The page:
Oklahoma Department of Human Services
Sequoyah Memorial Office Building, 2400 N. Lincoln Blvd. • Oklahoma City, OK 73105
(405) 521-3646 • Fax (405) 521-6684 • Internet: www.okdhs.org
 
Older Americans Act (Title III) programs
 

Find out what kind of services are available?
Services available at the Area Agencies on Aging (AAA) are numerous.  Services are provided by Older Americans Act funds. Contact your local AAA to find out what services are available. Services are provided to seniors 60 and over, as well as to individuals with disabilities or low-income individuals. Learn about the various services available:

    • Congregate and Home Delivered Meals:
      Meals are served each year, at local nutrition sites throughout Oklahoma, and to homebound individuals. Meals are planned by a Registered Dietitian and must meet one-third of the recommended daily requirement.

    • Evidence Based Health Promotion:
      Often located at the local nutrition site, health promotion services include provision of educational presentations, exercise programs, and health screening activities to persons sixty and older.

    • Nutrition Education:
      Information on the benefits of healthy eating and exercise are provided to congregate and homebound meal participants.

    • In-Home Assistance:
      Local projects are funded by Area Agencies on Aging to provide chore services, personal care, housekeeping, and home repair.

    • Outreach:
      Skilled outreach personnel in each county provide one-on-one assistance to help older persons make informed choices.  

    • Legal Services:
      Educational presentations on legal issues of interest to older adults are provided, as well as individual legal assistance. Legal assistance is provided through the Legal Aid Services of Oklahoma.

      Find out how to get legal services?
      Information about legal services can be obtained through the Area Agencies on Aging (AAA), or by contacting the Legal Services Developer at the Aging Services Division. Helpful documents, such as Do Not Resuscitate, guardianship information and end-of-life forms are available through Publications.

    • Transportation:
      Trips to the nutrition site, the bank, the doctor's office or grocery store allow older persons who no longer drive to remain independent in their communities. 

    • Caregiver Assistance:
      Services, education and support groups are available to family members who are caring for older persons.

      What type of services are available?

      • Assistance with access to community services
      • Counseling
      • Support groups
      • Training for caregivers
      • Respite services for caregivers
      • Other supplemental services
    • Grandparents Raising Grandchildren:
      A number of services are available to grandparents raising grandchildren.  Educational opportunities, conferences and support groups are available.

      Find out about grandparent support groups?
      The number of support groups for grandparents raising grandchildren is increasing in Oklahoma. Many of them offer child care so that both grandparents and their grandchildren have a chance to participate in the group. Support groups can offer: emotional support, guidance, assistance, advice, resources and information.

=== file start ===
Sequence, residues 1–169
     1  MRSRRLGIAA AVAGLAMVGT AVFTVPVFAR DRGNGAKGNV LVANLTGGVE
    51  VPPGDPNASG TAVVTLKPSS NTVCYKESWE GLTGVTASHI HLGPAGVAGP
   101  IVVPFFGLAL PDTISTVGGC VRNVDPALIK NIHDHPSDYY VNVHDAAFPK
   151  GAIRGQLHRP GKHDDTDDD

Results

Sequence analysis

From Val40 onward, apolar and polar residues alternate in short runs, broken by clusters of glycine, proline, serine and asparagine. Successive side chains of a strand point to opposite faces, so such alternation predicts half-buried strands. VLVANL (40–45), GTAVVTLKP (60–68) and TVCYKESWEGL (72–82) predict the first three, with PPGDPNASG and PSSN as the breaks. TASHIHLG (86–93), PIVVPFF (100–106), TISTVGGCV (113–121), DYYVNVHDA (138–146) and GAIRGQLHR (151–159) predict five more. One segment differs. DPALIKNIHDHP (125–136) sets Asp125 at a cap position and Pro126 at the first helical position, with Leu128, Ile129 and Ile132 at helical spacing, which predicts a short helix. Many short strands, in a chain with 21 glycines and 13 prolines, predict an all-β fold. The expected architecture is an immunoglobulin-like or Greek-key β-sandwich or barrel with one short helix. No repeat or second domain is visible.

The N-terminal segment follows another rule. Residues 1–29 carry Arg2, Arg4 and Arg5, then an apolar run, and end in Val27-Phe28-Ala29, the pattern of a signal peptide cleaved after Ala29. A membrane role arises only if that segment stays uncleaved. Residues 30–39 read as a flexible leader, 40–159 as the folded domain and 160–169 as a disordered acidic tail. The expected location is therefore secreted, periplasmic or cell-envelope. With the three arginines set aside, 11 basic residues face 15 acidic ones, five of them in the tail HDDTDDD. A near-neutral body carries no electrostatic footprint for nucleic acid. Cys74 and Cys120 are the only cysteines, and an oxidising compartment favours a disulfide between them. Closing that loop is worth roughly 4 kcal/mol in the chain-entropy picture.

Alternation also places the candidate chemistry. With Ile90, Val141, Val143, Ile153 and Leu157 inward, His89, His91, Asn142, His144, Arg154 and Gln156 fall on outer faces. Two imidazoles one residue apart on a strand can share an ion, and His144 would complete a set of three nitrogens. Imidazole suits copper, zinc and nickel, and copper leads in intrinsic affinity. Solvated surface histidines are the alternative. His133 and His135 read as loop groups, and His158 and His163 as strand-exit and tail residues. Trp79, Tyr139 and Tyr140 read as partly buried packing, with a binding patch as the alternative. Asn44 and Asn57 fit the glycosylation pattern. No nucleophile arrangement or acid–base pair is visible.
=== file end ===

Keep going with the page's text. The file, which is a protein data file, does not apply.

Get information about services for grandparents raising grandchildren?
      A number of services are available to grandparents raising grandchildren (and other relatives serving as parents). To learn about services, resources and to get a manual entitled "Starting Points for Grandparents Raising Grandchildren," contact your local Area Agency on Aging 1-800-211-2116.  

    • Respite:
      Respite care is a temporary break from full-time caregiving duties. Respite vouchers help caregivers pay someone to temporarily take their place as a care provider. 

There is no income limit for:
Persons caring for individuals 60 and over
Grandparents 55 or older raising grandchildren 

    • Long-Term Care Ombudsman:
      Ombudsman advocate for the rights of residents in long-term care facilities. 

      Become a volunteer Ombudsman?
      The ombudsman program is supported by local volunteers who are committed to improving the lives of older persons in institutions. The Area Agencies on Aging Ombudsman Supervisors train, supervise and support the volunteers.  Persons interested in volunteering should contact the Ombudsman Supervisor in their area, or state office personnel.  

      Compare Nursing Homes?
      Medicare provides information to help individuals decide what nursing home will meet their needs.   The "Nursing Home Compare" allows searches by state, county, name of facility or proximity.     

      File a complaint with an Ombudsman?
      To file a complaint, simply contact the Ombudsman Supervisor in the Area Agencies on Aging in which the long-term care facility is located.   

      File a complaint with the Health Department?
      Long-term care facilities must be licensed by the Oklahoma Department of Health to provide care.  Complaints can be made directly to the Health Department (.pdf, 1 pp, 23.1KB).

      What does the ombudsman do with a complaint?
      A long-term care ombudsman is a person who receives complaints from residents of long-term care facilities, their friends or relative and attempts to resolve those complaints within the facility.  The Ombudsman has the authority to explore problems and recommend corrective action to the facility.

Locate an Area Agency on Aging?
There are 11 Area Agencies on Aging throughout the state.  Service areas are composed of counties. To locate a service area:

Area Agencies on Aging Locations
Area Agencies on Aging Key Personnel

Last Updated:  12/19/2013